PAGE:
Replacing a failing hard drive
March 23, 2010 2:39 PM   Subscribe

Can I easily replace a failing hard drive in a desktop?

Running a Dell desktop with Windows XP Pro. The hard drive has begun making an increasingly audible whir or whine. Presuming it's on its last legs, can I take it out, move all the data to a new (flash?) drive and be done with it? Would a computer shop be able to clone the old drive or could I do it? How careful do I need to be with the technical details of the new hard drive?

Thanks a lot for your help. I'm not all that handy but I do need to extend the life of this desktop.

Yes, all backed up on a weekly basis.
posted by KneeDeep to Computers & Internet (10 answers total) 6 users marked this as a favorite
It's a very straightforward tech procedure. The biggest hurdle, I'd guess, would be the surgery of extracting the old drive (and cables) and installing the new one. Dells tend to cram that stuff in there like a family vacation station wagon.

Look up the specs of your current drive online and get one that matches connection wise. Not too tricky. Then it's just unscrew the old one, disconnect power (white, 4 pin connector) and data (a skinny long many connector plug).
I don't know that I'd clone a failing drive. You could have bad sectors that could cause corrupt files, if they are windows files that could be bad. I trust you have the bootable cd that came with the pc? I'd rebuild the long way with that and your backups.
posted by tremspeed at 2:49 PM on March 23, 2010

The easiest way to do this is to buy a replacement drive and an external case. Attach it to your computer and then use the disk copying software of your choice (I use SuperDuper! on the Mac, but there are equivalents on Windows)--this will clone the internal hard drive to the external hard drive. Then open up your computer and replace the internal drive with the external clone. You can then put a nice fresh drive in the (now empty) external HD casing, and you've got another backup or whatever.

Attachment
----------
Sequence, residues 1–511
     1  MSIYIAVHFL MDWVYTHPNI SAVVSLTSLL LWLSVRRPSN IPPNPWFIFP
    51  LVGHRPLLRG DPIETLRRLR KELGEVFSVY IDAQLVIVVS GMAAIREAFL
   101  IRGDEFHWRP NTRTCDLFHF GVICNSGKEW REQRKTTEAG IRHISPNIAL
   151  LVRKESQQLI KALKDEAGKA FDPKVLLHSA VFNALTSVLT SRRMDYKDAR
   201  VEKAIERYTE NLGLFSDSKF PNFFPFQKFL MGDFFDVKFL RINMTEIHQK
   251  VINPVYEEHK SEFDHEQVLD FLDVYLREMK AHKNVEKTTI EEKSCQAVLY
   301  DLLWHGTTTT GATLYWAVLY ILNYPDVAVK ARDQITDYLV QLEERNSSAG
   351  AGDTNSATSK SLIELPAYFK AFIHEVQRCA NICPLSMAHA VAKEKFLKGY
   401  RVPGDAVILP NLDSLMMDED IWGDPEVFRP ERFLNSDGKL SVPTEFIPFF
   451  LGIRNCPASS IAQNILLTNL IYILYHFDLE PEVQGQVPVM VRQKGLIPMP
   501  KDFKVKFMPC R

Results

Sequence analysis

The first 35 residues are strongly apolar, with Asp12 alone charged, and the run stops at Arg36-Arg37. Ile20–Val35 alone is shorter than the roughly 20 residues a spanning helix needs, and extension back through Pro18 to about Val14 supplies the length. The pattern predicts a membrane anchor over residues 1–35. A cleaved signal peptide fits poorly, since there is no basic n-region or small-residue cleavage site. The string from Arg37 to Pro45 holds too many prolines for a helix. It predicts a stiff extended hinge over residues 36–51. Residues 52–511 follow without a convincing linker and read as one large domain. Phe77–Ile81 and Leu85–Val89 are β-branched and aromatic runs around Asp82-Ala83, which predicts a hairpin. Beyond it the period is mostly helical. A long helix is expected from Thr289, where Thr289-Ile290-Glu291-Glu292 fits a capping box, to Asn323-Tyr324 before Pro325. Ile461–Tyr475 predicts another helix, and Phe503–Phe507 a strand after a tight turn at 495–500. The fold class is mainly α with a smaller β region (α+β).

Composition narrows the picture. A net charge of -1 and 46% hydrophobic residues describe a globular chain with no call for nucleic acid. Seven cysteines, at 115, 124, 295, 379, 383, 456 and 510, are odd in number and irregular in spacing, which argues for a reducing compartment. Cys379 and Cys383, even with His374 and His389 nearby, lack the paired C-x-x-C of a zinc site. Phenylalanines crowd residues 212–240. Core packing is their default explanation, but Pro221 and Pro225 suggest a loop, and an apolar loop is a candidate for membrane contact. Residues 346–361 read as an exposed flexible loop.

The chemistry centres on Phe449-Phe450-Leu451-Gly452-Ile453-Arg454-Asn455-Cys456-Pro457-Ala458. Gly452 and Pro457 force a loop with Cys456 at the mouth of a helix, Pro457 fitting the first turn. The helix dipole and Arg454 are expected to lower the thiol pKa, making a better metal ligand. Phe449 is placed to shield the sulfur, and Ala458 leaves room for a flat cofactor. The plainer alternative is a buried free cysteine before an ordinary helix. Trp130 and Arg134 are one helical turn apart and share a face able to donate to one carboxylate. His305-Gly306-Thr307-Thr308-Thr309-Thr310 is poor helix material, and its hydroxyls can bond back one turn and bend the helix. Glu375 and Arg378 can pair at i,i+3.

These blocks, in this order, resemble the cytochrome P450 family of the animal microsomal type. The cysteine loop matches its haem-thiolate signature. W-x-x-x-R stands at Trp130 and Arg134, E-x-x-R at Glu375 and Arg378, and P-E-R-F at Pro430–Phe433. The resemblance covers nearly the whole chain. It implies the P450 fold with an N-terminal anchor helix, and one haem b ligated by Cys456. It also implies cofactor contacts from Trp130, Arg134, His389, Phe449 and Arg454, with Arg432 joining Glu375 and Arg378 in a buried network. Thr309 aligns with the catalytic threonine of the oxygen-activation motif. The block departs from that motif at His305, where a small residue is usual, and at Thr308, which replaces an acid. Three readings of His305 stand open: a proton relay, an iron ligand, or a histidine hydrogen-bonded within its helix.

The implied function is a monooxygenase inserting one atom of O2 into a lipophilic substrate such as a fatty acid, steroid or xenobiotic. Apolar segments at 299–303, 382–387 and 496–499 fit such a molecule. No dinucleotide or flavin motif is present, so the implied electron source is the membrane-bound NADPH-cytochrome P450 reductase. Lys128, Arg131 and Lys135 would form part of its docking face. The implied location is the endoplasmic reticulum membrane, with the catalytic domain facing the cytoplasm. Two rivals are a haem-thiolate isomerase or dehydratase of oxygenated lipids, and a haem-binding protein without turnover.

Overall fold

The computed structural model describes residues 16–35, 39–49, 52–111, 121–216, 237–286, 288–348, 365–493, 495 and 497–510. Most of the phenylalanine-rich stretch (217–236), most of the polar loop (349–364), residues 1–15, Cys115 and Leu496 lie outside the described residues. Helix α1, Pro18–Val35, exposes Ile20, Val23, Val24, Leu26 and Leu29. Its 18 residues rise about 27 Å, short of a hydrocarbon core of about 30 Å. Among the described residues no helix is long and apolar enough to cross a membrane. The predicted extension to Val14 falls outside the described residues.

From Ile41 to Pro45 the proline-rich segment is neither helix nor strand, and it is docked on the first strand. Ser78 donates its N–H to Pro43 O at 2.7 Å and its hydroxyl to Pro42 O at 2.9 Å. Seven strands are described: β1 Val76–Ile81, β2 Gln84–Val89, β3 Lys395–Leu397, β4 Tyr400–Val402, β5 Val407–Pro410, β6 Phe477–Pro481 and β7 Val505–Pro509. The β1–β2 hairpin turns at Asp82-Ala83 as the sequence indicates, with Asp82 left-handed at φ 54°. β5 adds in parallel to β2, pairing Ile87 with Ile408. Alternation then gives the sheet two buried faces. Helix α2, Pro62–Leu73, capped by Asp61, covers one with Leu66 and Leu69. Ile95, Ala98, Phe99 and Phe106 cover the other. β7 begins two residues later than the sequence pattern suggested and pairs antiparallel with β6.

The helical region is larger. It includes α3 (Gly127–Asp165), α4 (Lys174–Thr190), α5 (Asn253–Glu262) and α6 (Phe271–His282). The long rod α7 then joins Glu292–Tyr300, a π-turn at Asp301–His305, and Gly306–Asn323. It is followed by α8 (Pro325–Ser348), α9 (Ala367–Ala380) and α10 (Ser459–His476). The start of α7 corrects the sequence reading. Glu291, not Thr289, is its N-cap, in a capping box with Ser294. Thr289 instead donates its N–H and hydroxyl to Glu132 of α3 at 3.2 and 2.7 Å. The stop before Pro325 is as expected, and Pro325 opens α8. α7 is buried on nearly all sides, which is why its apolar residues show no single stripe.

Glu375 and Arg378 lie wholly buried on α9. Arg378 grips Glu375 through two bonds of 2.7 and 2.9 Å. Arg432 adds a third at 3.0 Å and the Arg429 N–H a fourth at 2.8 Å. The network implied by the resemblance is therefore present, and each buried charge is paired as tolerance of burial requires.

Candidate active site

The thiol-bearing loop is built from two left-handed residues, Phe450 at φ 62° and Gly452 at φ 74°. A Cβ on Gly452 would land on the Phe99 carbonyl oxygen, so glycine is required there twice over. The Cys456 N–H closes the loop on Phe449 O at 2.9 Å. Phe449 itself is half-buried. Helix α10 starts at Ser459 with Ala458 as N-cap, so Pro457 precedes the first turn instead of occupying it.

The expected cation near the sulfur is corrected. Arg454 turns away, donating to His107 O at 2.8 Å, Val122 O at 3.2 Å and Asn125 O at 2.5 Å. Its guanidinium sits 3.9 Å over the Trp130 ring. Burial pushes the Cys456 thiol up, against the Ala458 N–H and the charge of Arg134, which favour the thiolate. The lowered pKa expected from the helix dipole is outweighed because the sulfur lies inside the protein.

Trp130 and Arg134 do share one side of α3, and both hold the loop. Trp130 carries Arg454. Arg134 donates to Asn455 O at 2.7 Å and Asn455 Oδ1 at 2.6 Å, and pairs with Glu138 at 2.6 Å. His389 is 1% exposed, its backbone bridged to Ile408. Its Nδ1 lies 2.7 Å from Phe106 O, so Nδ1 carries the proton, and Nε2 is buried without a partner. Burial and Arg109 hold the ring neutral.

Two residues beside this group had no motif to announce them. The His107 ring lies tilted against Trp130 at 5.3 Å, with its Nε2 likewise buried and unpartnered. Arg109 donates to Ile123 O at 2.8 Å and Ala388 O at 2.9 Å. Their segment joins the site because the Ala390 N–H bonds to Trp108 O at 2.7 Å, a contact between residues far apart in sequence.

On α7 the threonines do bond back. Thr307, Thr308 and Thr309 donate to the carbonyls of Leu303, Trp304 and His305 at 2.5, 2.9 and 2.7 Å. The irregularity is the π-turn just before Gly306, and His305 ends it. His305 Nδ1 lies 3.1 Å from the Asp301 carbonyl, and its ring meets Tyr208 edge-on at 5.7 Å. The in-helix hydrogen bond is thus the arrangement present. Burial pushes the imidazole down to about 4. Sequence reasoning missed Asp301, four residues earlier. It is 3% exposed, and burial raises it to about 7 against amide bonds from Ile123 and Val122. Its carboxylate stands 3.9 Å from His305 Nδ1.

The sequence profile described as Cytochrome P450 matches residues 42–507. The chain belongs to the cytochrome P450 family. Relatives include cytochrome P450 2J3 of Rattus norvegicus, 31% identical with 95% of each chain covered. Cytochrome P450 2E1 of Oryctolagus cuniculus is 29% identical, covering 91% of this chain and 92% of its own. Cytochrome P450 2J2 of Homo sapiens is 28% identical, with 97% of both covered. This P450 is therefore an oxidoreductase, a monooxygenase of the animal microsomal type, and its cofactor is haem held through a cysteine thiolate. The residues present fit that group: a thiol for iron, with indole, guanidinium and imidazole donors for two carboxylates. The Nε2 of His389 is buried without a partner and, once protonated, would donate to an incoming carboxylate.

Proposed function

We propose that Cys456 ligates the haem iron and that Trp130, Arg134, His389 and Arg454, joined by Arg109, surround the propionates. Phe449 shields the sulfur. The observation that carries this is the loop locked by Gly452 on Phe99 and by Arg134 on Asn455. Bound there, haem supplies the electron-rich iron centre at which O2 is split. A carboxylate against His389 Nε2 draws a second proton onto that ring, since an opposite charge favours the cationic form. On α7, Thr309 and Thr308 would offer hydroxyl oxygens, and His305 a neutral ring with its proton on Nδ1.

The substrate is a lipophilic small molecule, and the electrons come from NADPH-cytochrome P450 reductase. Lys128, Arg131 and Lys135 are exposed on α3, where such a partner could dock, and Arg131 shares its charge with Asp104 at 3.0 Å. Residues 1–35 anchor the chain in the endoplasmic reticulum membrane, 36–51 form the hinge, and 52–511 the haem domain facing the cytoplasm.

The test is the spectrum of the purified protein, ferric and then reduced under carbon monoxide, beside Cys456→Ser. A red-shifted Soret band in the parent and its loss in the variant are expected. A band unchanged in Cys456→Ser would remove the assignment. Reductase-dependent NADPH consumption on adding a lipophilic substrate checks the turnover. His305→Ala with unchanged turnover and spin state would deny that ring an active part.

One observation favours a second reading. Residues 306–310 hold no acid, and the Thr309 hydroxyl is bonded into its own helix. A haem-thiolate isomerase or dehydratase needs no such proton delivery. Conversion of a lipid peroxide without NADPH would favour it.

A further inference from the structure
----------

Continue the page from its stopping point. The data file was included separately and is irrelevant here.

I've done these maneuvers maybe 10 times now, and I am not technical AT ALL. Just don't drop the drives, touch the exposed electronics, or forget to discharge any static before performing this work.
posted by Admiral Haddock at 2:53 PM on March 23, 2010

Your computer certainly has more than one Hard Drive connection. Open up the computer, plug in a new hard drive to the secondary connection, boot up and clone your drive using the software of your choice to the new drive. Then, boot down, switch the drives, and go. Very easy.

A shop can definitely do this for you if you want, but it's probably a 20 minute process, copying time not included.

You may have some bad sectors, but it can't hurt to try. Worst case is you have some bad sectors, so you have to copy just your data/documents, then reformat and reinstall Windows.
posted by jckll at 3:03 PM on March 23, 2010

Yes, as long as it doesn't crap out during the clone.

Check whether desktop drive is PATA (wide ribbon cable) or SATA (narrow cable, L-shaped plug) and buy a 3.5in replacement matching that spec. Also buy a USB enclosure to turn your replacement into an external drive. Plug external drive into desktop. Run DriveImage XML to make a bootable drive-to-drive clone. Remove replacement drive from enclosure, swap with desktop drive. There may be a few wrinkles for licensed software that uses hardware ID for authentication, but you should be all set.

If you just want to offload data, then a USB flash drive might do, but in this kind of situation, a drive-to-drive clone is probably the easiest route.